Murchison Falls Conservation Area is one of the oldest, and is the largest, protected area (PA) in Uganda. It is comprised of Murchison Falls National Park, Bugungu Wildlife Refuge and Karuma Wildlife Refuge. Currently, the national park itself encompasses 3,893 sq.km. Bugungu Wildlife Refuge (501 sq.km) and Karuma Wildlife Refuge (678 sq.km) are adjacent and act as buffer zones for the park. In addition is Budongo Forest Reserve which overlaps parts of both wildlife reserves, and covers an additional 591 sq.km.
This makes a total of 5,663 sq.km of space that is under some level of protection through controlled use. The national park and the two wildlife reserves are managed by the Uganda Wildlife Authority (UWA) as the Murchison Falls Conservation Area (MFCA) and the Budongo Forest Reserve is managed by the National Forestry Association except where it overlaps with UWA-managed lands.
Between the years of 1907 and 1912, the inhabitants of an area of about 13,000 sq.km were evacuated due to sleeping sickness spread by tse-tse flies. This paved the way for the establishment of the Bunyoro Game Reserve in 1910, which encompassed roughly the area south of the Nile River that is now part of the National Park in Masindi District. In 1928 the boundaries were extended into Gulu District north of the river, and the resulting protected area (PA) became known as the Bunyoro-Gulu Game Reserve.
As the human population had already been evacuated due to sleeping sickness, it was possible to establish this game reserve without displacing any of the local people for the sake of the park. In 1932, the Budongo Forest Reserve was established. This became the first commercial logging concession in Uganda, and to date is one of the most intensively studied “working” forests in the world. The boundaries of this forest continued to expand over the next thirty years until they reached the current size of 825 sq.km. Much animosity was created by this process as locals lost land and never quite knew where the boundaries were due to the frequent changes.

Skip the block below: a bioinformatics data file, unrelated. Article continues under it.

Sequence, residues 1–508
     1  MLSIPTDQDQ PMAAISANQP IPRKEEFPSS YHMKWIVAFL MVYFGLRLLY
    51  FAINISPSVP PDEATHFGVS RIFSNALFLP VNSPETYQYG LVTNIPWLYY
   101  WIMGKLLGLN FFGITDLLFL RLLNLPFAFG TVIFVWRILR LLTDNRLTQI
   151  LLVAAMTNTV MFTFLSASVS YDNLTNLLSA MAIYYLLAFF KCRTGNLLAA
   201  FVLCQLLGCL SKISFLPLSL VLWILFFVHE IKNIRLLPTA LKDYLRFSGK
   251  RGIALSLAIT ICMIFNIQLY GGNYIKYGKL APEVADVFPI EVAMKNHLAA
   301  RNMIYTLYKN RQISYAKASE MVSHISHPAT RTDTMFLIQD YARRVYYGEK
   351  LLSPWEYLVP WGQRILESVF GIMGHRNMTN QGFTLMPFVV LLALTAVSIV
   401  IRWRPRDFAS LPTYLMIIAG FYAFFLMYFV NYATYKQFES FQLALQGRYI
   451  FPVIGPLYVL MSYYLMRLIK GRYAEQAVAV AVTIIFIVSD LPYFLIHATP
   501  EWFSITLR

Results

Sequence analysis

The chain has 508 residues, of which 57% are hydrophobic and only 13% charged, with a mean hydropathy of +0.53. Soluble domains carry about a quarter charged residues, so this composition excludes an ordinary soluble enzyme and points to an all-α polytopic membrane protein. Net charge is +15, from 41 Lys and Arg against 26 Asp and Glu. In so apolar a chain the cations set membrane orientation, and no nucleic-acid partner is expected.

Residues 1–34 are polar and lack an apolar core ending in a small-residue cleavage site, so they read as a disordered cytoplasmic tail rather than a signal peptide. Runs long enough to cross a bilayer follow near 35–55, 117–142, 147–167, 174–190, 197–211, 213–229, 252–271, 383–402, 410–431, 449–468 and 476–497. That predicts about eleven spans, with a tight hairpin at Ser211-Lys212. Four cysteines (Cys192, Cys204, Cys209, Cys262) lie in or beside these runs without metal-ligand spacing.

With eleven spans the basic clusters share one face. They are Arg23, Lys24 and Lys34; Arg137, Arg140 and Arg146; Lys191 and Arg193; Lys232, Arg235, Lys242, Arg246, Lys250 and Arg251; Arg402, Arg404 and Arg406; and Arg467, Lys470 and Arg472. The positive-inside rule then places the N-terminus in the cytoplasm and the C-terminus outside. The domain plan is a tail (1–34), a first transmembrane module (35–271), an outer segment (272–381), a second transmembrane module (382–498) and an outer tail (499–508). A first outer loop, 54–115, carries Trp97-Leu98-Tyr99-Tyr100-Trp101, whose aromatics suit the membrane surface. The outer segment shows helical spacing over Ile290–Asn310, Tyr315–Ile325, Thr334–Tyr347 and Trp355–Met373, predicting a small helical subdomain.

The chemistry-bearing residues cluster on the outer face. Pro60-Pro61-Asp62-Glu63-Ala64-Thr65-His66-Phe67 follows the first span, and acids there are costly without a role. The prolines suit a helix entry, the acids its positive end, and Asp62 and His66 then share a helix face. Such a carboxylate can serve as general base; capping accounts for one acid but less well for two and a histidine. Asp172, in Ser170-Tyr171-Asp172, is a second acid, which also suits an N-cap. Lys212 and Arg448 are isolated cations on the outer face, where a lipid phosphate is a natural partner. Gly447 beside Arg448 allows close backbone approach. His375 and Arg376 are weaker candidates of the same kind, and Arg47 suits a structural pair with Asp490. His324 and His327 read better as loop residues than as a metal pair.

In 1952, the British administration established the National Parks Act of Uganda. After forty years of reduced hunting in the Bunyoro-Gulu Game Reserve, the animal populations had expanded to an extent that justified upgrading the reserve, which became Murchison Falls National Park, one of the first two national parks, along with Queen Elizabeth NP. By the mid-1960’s, Murchison Falls had become the premier safari destination in all of East Africa, with over 60,000 visitors per year.

Tooro region in western Uganda is the PEARL of the “Pearl of Africa”. It has a lot of beautiful features, attractions, activities and many friendly people that make it one of the best places to travel in the world. Here are 20 reasons why:
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1. Stunning Crater Lakes. Tooro region has over 60 crater lakes, making it the region with the greatest number of crater lakes per sq. km in the world! The crater lakes are so beautiful.
2. Kibale Forest National Park Uganda. Located a few kilometres away from Fort Portal tourism city, it is the premier chimpanzee tracking destination in the world.
3. Bigodi wetland sanctuary. Rich in biodiversity and scenic beauty, the Sanctuary is a must visit. It is famous for red colobus, black and white colobus, red-tailed monkey, bushbuck as well as mongoose.
4. Africa's magnificent mountains: Rwenzori. This is Uganda's only snow-capped mountain range. The Rwenzoris are a world-class hiking and mountaineering destination.
5. The Tooro kingdom palace. Looking down over Fort Portal city from its highest hill, the palace is worth a visit purely for its 360-degree panoramic views.
6. Amabeere Ga Nyina Mwiru Caves, the world’s first dripping “breast milk”. Tooro is famous for the Amabeere Caves and Nyakasura waterfalls linked to the rich Chwezi culture.
7. Tooro is the gateway to various national parks and tourist attractions including Semuliki, Queen Elizabeth, Bwindi Impenetrable, Rwenzori, Semuliki Wildlife reserves and hot springs like Sempaya.